Flesh-eating bacteria victim Aimee Copeland's condition improves
(CBS/AP) AUGUSTA, Georgia - Aimee Copeland, the Georgia woman battling a flesh-eating disease, is slowly improving, and her father said Tuesday she should be out of intensive care soon.
Doctors Hospital of Augusta said Aimee Copeland's condition has changed from critical to serious. Serious condition indicates a patient is still acutely ill and has unstable vital signs.
The 24-year-old graduate student developed necrotizing fasciitis after cutting her leg on May 1 in a homemade zip line accident on a Georgia river. She contracted the Aeromonas hydrophila bacteria in her open wound, eventually causing her left leg, other foot and both hands to be amputated.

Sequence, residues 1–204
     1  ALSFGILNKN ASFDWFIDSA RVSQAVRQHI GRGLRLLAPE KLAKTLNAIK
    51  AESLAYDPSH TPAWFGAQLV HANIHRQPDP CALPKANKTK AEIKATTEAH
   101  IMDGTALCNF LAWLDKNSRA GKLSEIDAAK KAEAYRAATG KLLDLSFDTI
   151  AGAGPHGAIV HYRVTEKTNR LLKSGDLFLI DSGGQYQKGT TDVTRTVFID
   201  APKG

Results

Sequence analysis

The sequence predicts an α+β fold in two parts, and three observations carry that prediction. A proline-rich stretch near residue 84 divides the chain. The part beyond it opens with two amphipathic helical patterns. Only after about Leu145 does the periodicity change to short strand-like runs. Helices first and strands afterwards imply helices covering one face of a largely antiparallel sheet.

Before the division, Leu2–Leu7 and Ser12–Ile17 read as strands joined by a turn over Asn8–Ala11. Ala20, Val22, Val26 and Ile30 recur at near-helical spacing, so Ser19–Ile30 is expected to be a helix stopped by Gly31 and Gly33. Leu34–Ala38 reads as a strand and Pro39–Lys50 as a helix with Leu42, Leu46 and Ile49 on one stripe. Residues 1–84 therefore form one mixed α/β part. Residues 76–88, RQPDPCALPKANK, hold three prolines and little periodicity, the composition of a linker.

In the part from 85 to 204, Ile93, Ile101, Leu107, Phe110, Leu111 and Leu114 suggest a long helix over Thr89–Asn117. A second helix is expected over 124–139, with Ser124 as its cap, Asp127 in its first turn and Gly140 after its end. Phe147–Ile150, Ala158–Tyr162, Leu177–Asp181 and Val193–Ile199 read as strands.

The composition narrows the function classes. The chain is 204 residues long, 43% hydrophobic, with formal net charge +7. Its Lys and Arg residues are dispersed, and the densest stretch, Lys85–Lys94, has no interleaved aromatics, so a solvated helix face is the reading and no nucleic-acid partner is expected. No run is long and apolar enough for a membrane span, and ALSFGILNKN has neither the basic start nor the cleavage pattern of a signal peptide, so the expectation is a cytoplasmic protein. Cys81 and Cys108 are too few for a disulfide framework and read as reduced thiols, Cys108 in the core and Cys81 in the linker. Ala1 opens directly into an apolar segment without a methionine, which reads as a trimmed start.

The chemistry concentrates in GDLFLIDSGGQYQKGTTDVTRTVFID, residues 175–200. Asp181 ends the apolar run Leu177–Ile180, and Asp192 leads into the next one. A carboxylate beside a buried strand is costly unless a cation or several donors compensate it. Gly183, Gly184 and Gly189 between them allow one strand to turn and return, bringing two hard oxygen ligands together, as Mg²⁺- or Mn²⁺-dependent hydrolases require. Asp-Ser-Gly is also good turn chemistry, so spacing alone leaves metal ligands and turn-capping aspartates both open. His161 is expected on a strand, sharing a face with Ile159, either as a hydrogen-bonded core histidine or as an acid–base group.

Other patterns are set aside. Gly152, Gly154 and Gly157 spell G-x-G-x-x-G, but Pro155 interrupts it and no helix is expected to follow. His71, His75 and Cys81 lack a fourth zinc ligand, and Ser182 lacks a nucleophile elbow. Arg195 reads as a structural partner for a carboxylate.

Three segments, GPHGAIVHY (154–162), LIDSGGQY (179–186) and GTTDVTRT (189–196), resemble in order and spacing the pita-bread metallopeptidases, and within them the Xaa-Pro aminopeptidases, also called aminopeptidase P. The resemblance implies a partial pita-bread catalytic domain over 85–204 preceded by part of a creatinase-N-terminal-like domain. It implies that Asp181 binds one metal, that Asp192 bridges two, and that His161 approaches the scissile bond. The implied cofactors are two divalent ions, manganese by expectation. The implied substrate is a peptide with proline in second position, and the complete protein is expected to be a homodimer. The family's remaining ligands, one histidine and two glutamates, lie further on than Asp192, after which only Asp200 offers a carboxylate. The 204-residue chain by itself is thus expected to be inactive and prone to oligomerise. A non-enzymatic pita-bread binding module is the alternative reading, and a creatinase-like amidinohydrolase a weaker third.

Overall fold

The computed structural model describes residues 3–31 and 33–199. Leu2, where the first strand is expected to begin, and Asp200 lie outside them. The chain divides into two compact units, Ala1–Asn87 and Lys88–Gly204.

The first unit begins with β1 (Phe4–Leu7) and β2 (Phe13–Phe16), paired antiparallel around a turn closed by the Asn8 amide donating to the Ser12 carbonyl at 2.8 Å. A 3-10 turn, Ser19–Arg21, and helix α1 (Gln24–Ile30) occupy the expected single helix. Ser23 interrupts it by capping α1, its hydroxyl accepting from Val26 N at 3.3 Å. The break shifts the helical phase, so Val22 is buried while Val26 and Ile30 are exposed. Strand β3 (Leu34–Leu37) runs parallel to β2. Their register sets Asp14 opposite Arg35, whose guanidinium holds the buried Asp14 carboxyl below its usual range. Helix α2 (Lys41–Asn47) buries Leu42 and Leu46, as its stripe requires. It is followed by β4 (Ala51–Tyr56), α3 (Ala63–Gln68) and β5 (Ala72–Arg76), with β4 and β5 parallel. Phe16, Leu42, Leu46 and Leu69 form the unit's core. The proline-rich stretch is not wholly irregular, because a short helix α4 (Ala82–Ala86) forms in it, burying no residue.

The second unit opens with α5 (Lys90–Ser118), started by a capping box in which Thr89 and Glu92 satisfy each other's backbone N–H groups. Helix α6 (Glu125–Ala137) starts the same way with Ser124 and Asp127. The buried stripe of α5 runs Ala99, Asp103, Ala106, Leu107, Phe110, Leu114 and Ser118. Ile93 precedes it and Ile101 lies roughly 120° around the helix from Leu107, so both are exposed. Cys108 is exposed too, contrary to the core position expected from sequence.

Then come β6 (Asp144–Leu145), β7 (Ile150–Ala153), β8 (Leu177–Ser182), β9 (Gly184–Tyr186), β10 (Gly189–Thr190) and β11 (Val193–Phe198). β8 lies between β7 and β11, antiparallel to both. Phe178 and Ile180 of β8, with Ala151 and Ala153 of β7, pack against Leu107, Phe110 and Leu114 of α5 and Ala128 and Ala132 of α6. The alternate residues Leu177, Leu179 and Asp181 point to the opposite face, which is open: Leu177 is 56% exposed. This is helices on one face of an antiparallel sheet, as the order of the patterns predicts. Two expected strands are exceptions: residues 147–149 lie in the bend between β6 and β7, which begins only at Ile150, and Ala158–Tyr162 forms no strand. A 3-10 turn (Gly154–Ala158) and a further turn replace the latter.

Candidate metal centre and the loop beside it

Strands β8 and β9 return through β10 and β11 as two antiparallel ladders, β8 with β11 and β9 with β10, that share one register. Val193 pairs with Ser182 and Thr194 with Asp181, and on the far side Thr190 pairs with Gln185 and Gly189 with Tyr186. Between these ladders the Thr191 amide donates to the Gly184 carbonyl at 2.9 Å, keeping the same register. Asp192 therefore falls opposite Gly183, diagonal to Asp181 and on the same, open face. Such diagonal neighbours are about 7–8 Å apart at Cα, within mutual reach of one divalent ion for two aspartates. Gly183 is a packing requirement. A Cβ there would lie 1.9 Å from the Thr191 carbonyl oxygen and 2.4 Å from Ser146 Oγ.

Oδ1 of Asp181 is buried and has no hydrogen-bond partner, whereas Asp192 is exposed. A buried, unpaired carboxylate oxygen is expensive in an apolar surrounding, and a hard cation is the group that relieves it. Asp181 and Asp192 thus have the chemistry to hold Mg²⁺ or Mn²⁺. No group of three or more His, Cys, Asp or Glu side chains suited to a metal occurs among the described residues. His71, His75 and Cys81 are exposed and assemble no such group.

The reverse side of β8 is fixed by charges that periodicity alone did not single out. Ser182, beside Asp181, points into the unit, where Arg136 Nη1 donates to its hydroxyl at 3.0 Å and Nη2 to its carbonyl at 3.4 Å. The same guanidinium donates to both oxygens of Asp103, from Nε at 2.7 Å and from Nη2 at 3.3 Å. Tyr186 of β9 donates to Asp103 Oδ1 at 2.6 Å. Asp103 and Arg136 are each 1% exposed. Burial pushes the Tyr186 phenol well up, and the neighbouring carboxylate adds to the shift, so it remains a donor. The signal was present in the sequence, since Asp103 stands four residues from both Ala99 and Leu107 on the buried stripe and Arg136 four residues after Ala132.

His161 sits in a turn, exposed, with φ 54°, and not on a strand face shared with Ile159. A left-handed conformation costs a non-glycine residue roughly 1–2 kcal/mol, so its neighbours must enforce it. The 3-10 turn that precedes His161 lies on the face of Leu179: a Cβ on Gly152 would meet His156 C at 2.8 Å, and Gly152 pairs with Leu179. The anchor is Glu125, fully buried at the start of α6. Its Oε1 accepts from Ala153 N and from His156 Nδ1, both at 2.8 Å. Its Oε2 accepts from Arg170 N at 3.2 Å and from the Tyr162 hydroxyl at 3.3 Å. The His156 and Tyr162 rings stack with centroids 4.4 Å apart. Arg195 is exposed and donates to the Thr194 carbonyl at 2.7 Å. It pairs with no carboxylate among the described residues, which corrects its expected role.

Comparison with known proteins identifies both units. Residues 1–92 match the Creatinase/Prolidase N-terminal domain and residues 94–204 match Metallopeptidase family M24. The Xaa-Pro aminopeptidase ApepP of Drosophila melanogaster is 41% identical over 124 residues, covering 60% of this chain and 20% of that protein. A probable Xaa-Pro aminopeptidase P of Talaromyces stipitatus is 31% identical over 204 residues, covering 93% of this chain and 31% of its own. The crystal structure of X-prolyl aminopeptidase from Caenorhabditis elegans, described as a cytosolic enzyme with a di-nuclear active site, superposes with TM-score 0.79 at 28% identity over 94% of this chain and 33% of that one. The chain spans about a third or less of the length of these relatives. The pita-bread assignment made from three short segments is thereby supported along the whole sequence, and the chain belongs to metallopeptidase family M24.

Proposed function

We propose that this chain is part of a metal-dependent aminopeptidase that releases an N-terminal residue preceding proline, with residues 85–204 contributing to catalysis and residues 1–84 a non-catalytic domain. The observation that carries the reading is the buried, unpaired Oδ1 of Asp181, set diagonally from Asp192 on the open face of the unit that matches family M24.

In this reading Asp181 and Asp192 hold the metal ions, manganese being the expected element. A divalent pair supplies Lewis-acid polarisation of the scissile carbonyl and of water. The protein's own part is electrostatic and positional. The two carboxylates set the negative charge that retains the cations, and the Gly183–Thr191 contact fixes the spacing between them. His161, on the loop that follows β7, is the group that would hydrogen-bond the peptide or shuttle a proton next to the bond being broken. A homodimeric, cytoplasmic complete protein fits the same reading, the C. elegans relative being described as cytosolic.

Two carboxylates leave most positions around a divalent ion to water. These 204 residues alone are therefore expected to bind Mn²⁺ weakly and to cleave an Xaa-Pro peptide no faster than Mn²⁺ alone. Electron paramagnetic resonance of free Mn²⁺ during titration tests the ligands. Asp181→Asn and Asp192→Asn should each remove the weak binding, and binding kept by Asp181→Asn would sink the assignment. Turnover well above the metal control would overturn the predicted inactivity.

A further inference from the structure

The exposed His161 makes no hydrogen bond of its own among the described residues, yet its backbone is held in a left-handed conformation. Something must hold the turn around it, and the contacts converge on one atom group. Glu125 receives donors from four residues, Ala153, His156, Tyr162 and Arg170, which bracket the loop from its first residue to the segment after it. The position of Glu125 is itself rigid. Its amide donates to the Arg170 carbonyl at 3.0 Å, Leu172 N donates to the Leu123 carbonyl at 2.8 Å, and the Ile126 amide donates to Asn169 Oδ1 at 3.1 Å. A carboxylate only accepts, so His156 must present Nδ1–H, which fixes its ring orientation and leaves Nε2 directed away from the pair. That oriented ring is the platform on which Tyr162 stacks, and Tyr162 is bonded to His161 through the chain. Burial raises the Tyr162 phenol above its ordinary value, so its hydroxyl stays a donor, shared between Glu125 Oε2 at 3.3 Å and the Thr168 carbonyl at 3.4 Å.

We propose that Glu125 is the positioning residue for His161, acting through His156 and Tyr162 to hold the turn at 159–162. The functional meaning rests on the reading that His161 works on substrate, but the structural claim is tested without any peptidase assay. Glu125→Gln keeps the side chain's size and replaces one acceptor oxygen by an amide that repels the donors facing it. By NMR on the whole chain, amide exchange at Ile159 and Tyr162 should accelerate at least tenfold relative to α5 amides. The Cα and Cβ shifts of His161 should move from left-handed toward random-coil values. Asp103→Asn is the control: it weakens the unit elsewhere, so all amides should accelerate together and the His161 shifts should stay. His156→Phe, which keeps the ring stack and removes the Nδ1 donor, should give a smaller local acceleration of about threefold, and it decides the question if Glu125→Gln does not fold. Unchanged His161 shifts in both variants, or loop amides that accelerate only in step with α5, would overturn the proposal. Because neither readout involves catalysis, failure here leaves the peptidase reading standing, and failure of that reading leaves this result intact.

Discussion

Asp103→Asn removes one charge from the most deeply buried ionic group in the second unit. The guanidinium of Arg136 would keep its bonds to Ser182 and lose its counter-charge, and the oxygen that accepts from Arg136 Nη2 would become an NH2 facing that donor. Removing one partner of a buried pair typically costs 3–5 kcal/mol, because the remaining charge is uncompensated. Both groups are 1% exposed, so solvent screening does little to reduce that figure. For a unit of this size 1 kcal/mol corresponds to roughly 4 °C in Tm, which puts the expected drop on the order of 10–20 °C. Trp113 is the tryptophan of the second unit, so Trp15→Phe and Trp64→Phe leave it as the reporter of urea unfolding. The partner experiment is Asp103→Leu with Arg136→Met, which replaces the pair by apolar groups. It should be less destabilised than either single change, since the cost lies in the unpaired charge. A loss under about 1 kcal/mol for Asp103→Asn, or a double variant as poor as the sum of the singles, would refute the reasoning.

Her father, Andy Copeland, said doctors believe his daughter should be out of intensive care and ready to move into the hospital's rehabilitation clinic in two or three weeks.
"She's going to have to learn to use prosthetic limbs," he said. "But the critical-care phase, I believe, has come to an end."
He said one doctor who had expected her to spend months in intensive care is "blown away by her rate of progress."
Andy Copeland said his daughter has been talking with her doctors about using meditation and other holistic techniques to manage her pain instead of drugs. He said it's a topic she had been researching for her master's thesis.
"She went through one of the dressing changes without any kind of pain medication at all the other day," he said. "It's incredible. She chose to meditate through it."
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